The German Bundestag election campaign is in full swing and we see an increased use of digital channels by political institutions. Facebook, Twitter, Instagram and other social network profiles are filled with new content. However, these social networks are only a small part of a very wide field of digital marketing. We can also classify inbound marketing, content marketing, e-mail marketing, viral marketing, search engine marketing and many other subcategories under the term of digital marketing.
Therefore, this article is not intended to explain these aspects in detail, because this would probably finish in a size of a dissertation. It only shows some examples of how to improve political communication by using tools from the digital marketing landscape.
1. The Digital Revolution and the Power of Social
The digital revolution is certainly the reason why digital marketing is getting more and more popular in many companies. The triumph of mobile technology, the fast internet connections, the reach of social media and social networks. All these aspects have led to a change in marketing over the past years and influenced the way marketers have to create their campaigns. But what about politics, especially in terms of Germany?
As early as 2002 the internet got more and more popular for campaign managers and politicians in Germany. For example, former chancellor Gerhard Schröder was able to use the internet's new possibilities for his election campaign very well. For this reason, he was often called the media chancellor. Since then, a lot has improved and the internet is now an important part of a political campaign.
However, there are also criticisms of their use: some studies show that politicians and parties still do not fully exploit the possibilities of digital channels and especially social media. In particular, interaction with the voter via digital channels is often weak.
Of course, there are also parties and politicians who have already understood that increased communication and interaction may also lead to a kind of brand identification or better said, an improved “party identification”. Another advantage of social media is, that young people can be found on these. In addition, blogs, video platforms, streaming services are "totally" trendy.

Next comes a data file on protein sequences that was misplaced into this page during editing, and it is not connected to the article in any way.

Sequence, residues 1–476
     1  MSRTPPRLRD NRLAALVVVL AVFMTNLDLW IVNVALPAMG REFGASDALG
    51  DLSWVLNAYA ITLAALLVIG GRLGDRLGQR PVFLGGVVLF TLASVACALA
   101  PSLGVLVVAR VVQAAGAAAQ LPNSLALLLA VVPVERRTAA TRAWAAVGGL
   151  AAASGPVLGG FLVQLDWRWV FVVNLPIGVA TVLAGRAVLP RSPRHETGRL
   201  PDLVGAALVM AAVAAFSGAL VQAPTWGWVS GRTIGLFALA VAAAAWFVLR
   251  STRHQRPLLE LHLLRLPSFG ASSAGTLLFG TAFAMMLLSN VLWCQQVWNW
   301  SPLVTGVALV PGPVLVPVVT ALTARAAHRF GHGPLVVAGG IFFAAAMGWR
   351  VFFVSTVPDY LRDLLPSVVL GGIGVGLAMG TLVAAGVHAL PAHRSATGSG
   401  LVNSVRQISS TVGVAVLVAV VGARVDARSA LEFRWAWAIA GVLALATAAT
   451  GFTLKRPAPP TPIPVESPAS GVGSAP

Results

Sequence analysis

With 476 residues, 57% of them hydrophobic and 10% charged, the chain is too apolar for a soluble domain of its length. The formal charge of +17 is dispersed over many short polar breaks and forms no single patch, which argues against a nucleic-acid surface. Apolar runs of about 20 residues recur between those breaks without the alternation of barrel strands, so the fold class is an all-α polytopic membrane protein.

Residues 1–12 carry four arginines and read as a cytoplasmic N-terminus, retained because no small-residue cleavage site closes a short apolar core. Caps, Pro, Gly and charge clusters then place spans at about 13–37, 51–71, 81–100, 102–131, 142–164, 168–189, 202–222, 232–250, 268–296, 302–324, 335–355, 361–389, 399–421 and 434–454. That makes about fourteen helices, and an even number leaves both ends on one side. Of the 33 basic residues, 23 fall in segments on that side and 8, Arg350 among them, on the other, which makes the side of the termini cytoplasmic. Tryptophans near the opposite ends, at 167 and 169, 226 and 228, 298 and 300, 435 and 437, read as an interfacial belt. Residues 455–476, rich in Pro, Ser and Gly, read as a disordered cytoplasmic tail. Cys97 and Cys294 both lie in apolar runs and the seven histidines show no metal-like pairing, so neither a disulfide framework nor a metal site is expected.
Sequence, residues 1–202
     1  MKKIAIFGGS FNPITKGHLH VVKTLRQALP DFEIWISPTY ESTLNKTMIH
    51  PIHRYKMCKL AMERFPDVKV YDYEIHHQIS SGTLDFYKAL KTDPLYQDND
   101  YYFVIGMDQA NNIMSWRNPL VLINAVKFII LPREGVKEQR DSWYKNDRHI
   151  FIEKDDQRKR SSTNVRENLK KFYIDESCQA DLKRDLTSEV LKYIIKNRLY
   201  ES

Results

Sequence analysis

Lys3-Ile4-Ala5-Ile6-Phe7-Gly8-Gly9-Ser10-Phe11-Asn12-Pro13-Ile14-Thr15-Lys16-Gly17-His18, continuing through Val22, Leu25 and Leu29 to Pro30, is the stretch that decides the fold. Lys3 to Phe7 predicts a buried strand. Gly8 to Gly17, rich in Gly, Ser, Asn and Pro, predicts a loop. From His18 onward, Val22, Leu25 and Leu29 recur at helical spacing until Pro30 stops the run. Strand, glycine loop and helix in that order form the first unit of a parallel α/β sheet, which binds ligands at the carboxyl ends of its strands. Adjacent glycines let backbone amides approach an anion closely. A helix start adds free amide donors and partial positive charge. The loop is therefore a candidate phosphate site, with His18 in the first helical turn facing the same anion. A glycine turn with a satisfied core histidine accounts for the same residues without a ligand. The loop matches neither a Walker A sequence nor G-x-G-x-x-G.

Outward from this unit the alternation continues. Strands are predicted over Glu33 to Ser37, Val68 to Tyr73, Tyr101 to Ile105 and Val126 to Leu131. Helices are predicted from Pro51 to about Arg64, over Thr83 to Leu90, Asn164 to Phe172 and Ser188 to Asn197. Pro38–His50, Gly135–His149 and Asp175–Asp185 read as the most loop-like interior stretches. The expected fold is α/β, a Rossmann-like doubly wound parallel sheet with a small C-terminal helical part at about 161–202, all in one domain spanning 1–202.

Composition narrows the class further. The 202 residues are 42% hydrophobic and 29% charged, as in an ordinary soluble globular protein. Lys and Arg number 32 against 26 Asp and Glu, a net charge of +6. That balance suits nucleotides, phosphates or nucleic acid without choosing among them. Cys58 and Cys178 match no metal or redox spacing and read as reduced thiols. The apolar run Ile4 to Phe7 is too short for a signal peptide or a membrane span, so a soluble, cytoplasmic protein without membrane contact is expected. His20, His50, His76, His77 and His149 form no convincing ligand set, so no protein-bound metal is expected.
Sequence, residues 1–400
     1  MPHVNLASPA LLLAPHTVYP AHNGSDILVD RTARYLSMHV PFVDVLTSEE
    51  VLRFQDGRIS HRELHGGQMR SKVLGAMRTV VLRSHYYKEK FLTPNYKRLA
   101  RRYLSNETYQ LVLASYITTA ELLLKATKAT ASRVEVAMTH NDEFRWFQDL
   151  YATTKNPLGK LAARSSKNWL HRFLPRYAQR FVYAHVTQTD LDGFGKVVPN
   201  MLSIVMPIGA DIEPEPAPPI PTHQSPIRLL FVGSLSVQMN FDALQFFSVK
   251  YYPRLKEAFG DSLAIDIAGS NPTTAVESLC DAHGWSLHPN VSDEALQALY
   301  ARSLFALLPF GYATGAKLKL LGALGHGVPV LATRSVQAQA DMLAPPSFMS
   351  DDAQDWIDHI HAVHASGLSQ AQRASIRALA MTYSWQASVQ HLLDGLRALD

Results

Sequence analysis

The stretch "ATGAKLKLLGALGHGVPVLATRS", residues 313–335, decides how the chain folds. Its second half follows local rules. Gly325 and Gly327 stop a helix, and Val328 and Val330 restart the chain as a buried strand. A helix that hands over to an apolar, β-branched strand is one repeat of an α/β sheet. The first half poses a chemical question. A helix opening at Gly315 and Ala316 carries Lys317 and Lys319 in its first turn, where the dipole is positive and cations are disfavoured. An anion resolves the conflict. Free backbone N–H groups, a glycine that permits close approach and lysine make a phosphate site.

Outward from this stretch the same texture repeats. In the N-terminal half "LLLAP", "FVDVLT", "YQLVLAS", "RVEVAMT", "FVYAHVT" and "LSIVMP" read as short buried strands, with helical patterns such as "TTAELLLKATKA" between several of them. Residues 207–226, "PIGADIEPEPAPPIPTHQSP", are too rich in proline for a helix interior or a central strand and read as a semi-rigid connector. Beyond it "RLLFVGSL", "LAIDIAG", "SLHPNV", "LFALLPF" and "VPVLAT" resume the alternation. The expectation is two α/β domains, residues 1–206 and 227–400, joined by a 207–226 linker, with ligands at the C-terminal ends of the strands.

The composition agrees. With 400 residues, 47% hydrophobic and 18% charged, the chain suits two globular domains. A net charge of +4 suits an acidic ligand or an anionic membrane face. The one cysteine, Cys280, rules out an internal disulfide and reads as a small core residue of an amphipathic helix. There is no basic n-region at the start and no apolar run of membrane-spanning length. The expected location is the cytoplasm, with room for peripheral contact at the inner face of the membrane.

2. The benefits of Engagement
However, let us take a closer look at this two-way communication: While classical media - like television or printed newspapers- only allow a one-way communication, digital channels offer a return channel to the sender. Moreover, there is no need of an empirical analysis to highlight, that people in the digital age are more and more used to communicate in all directions.
B2C companies, for example, who sell products to private customers, are aware of this. On platforms like Amazon, the customer is used not only to buy a product, but also to communicate his opinion about it. We can transfer this image to the political landscape as well: The voters want to communicate their opinions more and more to the political institutions via digital channels.
3. Video marketing: Reach a large audience
One trend of 2017 is video live streaming. Services such as Twitch, YouTube Live Streaming, Facebook Live Streaming are getting more and more popular. However, not only live content, but also "on-demand content" is important. YouTubers are the best example here. It is no longer a rarity that a channel has more than 100,000 subscribers. Politicians could and should adopt this trend, because the potential behind such incredibly large user numbers is immense.
4. Own agenda setting
Political marketing experts can set their own topics on such video and social network platforms. They are no longer depended on an editor, who classify a topic as newsworthy or not. Youtubers are again the best example. They reach a large audience with “Let's Plays”, "Follow me Arounds", "What's in my bag tags", or "Haul of the Weeks".
Of course, we have to admit, that the current "fake news" debate has emerged from a lack of editorial barriers. If there is no filter, “less positive” groups can spread their messages with no restriction, which can be also a challenge for a political system.
We have seen some examples why digital marketing or elements of it are useful for political communication and election campaigns. The digital revolution, the digitization of our everyday life, force political organizations and institutions to adapt their communication.
The reach of video platforms, the interaction possibilities of social networks and the habituation effect of the users, ensure that digital channels and tools of digital marketing become unavoidable, in order to reach campaign objectives, such as voter mobilization.
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